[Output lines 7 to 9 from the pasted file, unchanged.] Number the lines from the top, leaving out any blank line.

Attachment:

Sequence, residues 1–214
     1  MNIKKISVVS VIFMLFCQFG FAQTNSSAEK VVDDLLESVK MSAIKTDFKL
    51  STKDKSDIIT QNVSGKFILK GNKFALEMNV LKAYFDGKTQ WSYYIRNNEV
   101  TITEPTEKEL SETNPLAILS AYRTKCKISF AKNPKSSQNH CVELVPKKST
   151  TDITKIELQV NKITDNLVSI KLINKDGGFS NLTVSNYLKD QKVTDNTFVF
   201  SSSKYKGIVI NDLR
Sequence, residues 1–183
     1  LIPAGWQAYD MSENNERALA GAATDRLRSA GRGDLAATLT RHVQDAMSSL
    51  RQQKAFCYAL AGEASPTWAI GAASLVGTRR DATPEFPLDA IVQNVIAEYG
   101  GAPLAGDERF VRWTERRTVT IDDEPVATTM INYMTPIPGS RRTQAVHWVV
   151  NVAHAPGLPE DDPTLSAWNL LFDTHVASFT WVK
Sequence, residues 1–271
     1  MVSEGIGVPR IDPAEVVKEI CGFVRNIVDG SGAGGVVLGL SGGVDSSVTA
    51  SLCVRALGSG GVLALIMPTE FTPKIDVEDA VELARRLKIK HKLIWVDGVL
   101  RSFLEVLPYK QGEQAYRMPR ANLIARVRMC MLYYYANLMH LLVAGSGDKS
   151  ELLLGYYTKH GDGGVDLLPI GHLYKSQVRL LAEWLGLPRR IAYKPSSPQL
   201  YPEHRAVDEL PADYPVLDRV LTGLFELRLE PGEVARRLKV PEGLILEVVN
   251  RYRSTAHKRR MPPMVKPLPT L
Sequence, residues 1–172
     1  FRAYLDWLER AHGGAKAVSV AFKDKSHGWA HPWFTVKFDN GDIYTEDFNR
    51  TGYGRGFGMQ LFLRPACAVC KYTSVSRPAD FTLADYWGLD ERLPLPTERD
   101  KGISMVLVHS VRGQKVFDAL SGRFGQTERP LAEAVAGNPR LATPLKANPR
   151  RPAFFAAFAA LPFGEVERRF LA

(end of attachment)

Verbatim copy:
Sequence, residues 1–183
     1  LIPAGWQAYD MSENNERALA GAATDRLRSA GRGDLAATLT RHVQDAMSSL
    51  RQQKAFCYAL AGEASPTWAI GAASLVGTRR DATPEFPLDA IVQNVIAEYG